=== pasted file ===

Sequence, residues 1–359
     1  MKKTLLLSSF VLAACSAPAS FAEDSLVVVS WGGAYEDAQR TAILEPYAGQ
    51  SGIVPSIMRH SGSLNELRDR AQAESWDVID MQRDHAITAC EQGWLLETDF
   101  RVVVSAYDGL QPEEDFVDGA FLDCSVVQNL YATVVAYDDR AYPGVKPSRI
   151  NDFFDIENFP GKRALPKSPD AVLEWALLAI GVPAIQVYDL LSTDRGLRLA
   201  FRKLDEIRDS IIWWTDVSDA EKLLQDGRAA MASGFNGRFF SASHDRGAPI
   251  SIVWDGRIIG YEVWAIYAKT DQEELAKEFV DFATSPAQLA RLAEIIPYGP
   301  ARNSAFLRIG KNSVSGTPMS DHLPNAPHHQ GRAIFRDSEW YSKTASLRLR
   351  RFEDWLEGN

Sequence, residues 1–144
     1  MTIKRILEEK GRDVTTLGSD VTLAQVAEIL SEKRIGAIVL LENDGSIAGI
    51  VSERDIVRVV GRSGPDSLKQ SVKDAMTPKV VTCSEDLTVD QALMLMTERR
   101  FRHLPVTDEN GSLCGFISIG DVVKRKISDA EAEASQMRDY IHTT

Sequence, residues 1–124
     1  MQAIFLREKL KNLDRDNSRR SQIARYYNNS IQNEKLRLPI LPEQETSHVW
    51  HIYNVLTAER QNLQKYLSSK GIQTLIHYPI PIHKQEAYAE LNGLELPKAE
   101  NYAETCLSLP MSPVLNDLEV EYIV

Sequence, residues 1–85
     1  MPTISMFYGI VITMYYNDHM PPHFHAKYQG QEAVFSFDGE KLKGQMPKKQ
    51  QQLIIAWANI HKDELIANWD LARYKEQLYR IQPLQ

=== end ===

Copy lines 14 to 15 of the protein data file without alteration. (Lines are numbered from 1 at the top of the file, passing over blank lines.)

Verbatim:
Sequence, residues 1–124
     1  MQAIFLREKL KNLDRDNSRR SQIARYYNNS IQNEKLRLPI LPEQETSHVW